FDA Authorizes Change in How Monkeypox Vaccine Is Given, Stretching Supply Amid High Demand

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The US Food and Drug Administration issued an emergency use authorization Tuesday that allows healthcare providers to change how the Jynneos monkeypox vaccine is administered, stretching out the supply amid high demand.

The vaccine can now be given to high-risk adults intradermally, meaning between the layers of the skin, rather than subcutaneously, or under the skin, as it has been given up till now. This will allow providers to get five doses out of a standard one-dose vial.

The new EUA also allows subcutaneous vaccination in people under 18 who are at high risk of infection.

“In recent weeks the monkeypox virus has continued to spread at a rate that has made it clear our current vaccine supply will not meet the current demand,” FDA Commissioner Dr. Robert M. Califf said in a statement. “The FDA quickly explored other scientifically appropriate options to facilitate access to the vaccine for all impacted individuals. By increasing the number of available doses, more individuals who want to be vaccinated against monkeypox will now have the opportunity to do so.”

The move comes less than a week after the Biden administration declared monkeypox a public health emergency, which gives the FDA and other government health agencies more flexibility to fight the spread of the virus.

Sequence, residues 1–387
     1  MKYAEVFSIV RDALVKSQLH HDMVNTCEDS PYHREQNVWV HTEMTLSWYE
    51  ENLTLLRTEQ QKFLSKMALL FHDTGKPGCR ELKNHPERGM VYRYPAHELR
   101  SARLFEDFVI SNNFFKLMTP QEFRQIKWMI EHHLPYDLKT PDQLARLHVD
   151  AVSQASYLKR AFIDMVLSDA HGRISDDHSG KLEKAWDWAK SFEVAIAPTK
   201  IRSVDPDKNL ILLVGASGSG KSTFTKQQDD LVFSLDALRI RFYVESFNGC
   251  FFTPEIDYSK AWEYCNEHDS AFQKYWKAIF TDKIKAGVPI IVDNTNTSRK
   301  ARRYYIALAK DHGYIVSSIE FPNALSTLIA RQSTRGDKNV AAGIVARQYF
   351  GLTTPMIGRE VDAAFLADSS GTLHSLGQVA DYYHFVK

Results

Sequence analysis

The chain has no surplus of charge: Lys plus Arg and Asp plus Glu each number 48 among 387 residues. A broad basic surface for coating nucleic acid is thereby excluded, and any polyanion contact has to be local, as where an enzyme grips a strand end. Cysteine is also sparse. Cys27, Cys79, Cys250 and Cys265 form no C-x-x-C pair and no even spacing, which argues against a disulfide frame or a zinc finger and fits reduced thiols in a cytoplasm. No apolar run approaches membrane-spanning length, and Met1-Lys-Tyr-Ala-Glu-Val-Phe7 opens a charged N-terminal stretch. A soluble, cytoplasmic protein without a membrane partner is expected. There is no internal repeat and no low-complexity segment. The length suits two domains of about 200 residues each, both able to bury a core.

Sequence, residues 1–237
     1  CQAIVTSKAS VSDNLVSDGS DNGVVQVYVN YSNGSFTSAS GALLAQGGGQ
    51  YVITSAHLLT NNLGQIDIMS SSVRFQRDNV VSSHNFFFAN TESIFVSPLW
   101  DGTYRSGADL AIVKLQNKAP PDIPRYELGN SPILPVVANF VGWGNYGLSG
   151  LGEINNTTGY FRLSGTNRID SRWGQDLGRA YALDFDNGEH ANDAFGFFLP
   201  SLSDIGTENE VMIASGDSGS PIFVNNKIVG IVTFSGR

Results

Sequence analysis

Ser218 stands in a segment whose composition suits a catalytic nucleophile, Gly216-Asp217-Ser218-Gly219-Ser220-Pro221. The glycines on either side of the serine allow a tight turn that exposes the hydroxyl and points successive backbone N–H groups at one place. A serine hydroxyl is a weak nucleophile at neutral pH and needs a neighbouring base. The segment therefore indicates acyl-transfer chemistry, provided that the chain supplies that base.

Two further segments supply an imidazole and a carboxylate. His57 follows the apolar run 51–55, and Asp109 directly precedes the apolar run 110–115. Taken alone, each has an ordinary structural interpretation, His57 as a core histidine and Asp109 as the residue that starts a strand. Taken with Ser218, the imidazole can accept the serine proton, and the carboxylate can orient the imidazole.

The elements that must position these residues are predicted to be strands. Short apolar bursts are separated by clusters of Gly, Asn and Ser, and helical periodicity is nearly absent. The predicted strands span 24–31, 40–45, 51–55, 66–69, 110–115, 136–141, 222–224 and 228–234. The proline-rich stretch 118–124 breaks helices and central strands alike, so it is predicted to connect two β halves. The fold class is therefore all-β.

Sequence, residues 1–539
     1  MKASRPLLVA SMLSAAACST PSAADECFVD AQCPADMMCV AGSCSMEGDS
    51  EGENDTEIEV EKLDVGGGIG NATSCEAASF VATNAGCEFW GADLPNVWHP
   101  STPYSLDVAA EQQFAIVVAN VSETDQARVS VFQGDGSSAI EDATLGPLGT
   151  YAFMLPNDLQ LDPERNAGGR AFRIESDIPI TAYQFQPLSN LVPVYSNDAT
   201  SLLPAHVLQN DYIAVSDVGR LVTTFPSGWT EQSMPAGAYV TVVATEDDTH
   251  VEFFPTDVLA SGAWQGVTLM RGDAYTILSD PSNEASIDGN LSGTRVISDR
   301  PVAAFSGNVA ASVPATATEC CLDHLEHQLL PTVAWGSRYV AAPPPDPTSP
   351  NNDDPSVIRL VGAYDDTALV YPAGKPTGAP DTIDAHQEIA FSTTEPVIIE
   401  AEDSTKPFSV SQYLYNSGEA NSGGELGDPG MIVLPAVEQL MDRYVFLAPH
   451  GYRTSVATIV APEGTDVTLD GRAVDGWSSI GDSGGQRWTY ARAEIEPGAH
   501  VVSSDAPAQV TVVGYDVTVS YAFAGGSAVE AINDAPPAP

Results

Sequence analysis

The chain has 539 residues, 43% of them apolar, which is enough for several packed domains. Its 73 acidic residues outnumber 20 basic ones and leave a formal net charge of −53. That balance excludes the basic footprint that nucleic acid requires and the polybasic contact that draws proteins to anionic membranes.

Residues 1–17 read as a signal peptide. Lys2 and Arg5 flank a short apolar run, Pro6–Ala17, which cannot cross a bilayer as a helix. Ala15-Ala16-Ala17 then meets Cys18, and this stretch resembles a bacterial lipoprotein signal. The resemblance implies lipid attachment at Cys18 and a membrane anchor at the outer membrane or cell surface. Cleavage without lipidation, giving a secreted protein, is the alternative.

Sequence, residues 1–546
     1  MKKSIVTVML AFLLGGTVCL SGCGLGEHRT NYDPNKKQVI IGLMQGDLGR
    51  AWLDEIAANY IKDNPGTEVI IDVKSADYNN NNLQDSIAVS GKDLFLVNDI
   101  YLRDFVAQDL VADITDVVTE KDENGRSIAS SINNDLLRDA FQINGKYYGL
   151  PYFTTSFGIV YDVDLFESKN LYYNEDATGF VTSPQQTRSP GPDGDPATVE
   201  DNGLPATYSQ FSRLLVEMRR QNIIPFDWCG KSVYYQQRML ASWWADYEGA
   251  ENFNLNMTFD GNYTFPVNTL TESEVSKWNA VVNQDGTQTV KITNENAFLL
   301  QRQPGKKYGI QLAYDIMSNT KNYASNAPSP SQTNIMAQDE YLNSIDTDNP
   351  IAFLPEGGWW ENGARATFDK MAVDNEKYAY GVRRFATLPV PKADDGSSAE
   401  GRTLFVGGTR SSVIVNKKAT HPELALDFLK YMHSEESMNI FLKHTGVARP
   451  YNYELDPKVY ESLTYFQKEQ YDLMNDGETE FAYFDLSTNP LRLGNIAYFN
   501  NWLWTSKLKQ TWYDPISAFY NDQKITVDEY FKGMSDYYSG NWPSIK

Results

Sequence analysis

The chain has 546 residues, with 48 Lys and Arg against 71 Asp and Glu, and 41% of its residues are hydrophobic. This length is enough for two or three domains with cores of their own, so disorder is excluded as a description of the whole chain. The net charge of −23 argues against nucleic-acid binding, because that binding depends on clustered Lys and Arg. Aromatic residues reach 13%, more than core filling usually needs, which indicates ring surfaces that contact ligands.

Earlier Tuesday, US Department of Health and Human Services Secretary Xavier Becerra issued a determination to pave the way for the FDA’s move.

“Last week, I declared monkeypox to be a public health emergency to unlock additional tools that will help us contain and end this outbreak and to signal to the American people that we are taking our response to the next level,” Becerra said in a statement. “Today’s action will allow FDA to exercise additional authorities that may increase availability of vaccines to prevent monkeypox while continuing to ensure the vaccine meets high standards for safety, effectiveness and manufacturing quality.”

As of Monday, the US government has shipped 617,693 doses of Jynneos to states and jurisdictions. The US Centers for Disease Control and Prevention has estimated that at least 1.5 million people in the US are eligible for monkeypox vaccination.

As of Monday evening, the CDC reports 8,934 probable or confirmed monkeypox cases in 49 states, Puerto Rico, and the District of Columbia.

With an intradermal vaccination, “basically, you’re staying in the skin; you’re not going through the skin,” said Dr. Daniel Griffin, an infectious disease specialist at Columbia University.

Using a smaller dose with intradermal injection has been done with vaccines for flu and rabies, epidemiologist Dr. Jay Varma told CNN in an email.

“The skin has special cells that are very good at helping a vaccine stimulate the body’s immune system,” he wrote.

These cells, called dendritic cells, are better able to produce an immune response, Griffin said.

“They live in the skin, and they’re better at teaching the immune system what they need to respond to,” he said.

“If you’re able to give the monkeypox vaccine intradermally, you can give a smaller dose. … They just would need to have some sort of demonstration that you get the same immune response,” he said.

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